In today’s article, Juliet Munn, Associate, Town Legal LLP takes a look at the new Habitat Regulations and the creation of an independent regulator post-Brexit…
New Habitats Regulations:
Two new regulations came into force in November 2017:
- the Conservation of Habitats and Species Regulations 2017 (‘Habitats Regulations 2017’); and
- the Conservation of Offshore Marine Habitats and Species Regulations 2017 (‘Offshore Regulations 2017’) (together ‘the 2017 Regulations’).
Both of these sets of regulations consolidate and update previous regulations, namely the Conservation of Habitats and Species Regulations 2010 and the Offshore Marine Conservation (Natural Habitats, &c.) Regulations 2007. Although the 2017 Regulations do not make significant changes to the existing legal regimes, they do update the previous regulations to reflect wider legislative changes. Such changes include the insertion of the River Tweed Commission as a relevant authority in the Habitat Regulations 2017 and the introduction of powers for the Welsh Ministers in respect of marine conservation in the Welsh offshore region in the Offshore Regulations 2017.
The explanatory notes accompanying the 2017 Regulations set out why they have been brought forward. Principally, both sets of original regulations have been amended many times since their adoption and were therefore long overdue for consolidation. The Government also makes clear that the 2017 Regulations will be likely to remain in place for ‘some time’ following the UK’s exit from the EU. As, after the date of exit the Government will no longer have the power to consolidate regulations derived from EU law, this was clearly seen as an opportune time to create as much certainty as possible as Brexit moves forward.
A new regulator post-Brexit?
The 2017 Regulations, like the majority of UK environmental laws, are derived from European Directions (in the case of the 2017 Regulations – Directive 92/43/EEC on the conservation of natural habitats and of wild fauna and flora and Directive 2009/147/EC of the European Parliament and of the Council on the conservation of wild birds). It is understood that all of existing European legislation will be transferred into UK law through the EU (Withdrawal) Bill.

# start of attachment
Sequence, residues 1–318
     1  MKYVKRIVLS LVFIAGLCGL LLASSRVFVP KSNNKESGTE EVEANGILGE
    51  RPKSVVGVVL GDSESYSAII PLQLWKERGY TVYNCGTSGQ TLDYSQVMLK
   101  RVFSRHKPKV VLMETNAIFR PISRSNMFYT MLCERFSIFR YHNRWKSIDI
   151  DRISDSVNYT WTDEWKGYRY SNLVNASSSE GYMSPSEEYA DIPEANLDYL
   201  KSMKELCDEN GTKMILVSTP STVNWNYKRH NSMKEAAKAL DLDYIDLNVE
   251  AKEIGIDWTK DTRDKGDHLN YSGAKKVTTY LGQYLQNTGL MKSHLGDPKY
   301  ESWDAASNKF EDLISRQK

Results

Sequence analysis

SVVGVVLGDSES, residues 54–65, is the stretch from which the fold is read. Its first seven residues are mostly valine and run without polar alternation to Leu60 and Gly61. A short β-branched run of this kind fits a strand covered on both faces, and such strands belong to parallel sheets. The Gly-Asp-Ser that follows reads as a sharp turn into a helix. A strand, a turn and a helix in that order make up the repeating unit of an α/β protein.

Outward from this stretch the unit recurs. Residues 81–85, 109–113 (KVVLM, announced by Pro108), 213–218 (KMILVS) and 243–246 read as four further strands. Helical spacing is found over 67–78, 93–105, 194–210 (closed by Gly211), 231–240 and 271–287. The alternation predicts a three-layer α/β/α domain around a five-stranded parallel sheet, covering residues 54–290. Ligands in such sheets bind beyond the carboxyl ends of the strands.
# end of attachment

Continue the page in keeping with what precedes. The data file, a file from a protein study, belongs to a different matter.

The vast majority of current UK Environmental legislation is monitored and enforced by European bodies, such as the European Commission and European Court of Justice. This had led to concern that a ‘governance gap’ will exist post-Brexit. That is that, although laws will exist, they will have limited ‘teeth’ due to the lack of a regulator to enforce compliance. The only recourse for a breach of environmental law post-Brexit (if no new regulator is to be created) will be through the UK courts. Mr Gove himself has confirmed that “judicial review probably won’t be enough” to replace the role currently provided by European bodies.
Further, in a post-Brexit world the UK Supreme Court will no longer be obliged to consider, or follow, European Court of Justice jurisprudence which may result, over time, in the interpretation of European derived laws diverging from that adopted on the continent. It is also likely that moving forwards, the UK will begin to make amendments to existing laws, creating concern that we may witness a weakening of environmental legislation and regulations. This is of particular concern if a future Government chooses to de-prioritise environmental regulations. There is also apprehension as to how enforcement and the development of new legislation will evolve through the devolved administrations.
In an effort to alleviate such concerns, on 12 November 2017, the Environment Secretary, Michael Gove, announced the Government’s intention to consult on the creation of an independent body to act as a regulator in respect of environmental matters. This body will, according to Mr Gove, be ‘placed on a statutory footing, ensuring that it has clear authority. Its ambition will be to champion and uphold environmental standards, always rooted in rigorous scientific evidence.’ Little further detail is provided apart from the fact that it will be ‘a world leading body’ and that ‘it will hold the powerful to account’. In the same announcement Mr Gove signalled that in early 2018 a formal consultation process will be launched setting out details of the proposed body as well as on a proposed new policy statement of environmental principles.
Once these consultations have been published we will have a better understanding of the future of environmental law in the UK. However, it is clear that a number of issues will need to be addressed to reassure those concerned that post-Brexit, the UK’s compliance with environmental laws will not be diluted. In order to demonstrate this, it will be essential for the Government to show that any proposed body will be independent of Government, have the necessary policy basis and power to hold those breaching the law, including the Government, to account and be able to survive future Governments.
About the Author: Juliet Munn is an associate at Town Legal LLP having qualified in 2011 and worked in planning teams in both London and Sydney. Juliet acts on both contentious and non-contentious matters for developers, landowners, interest groups and corporate bodies and advises on all aspects of planning and environmental law.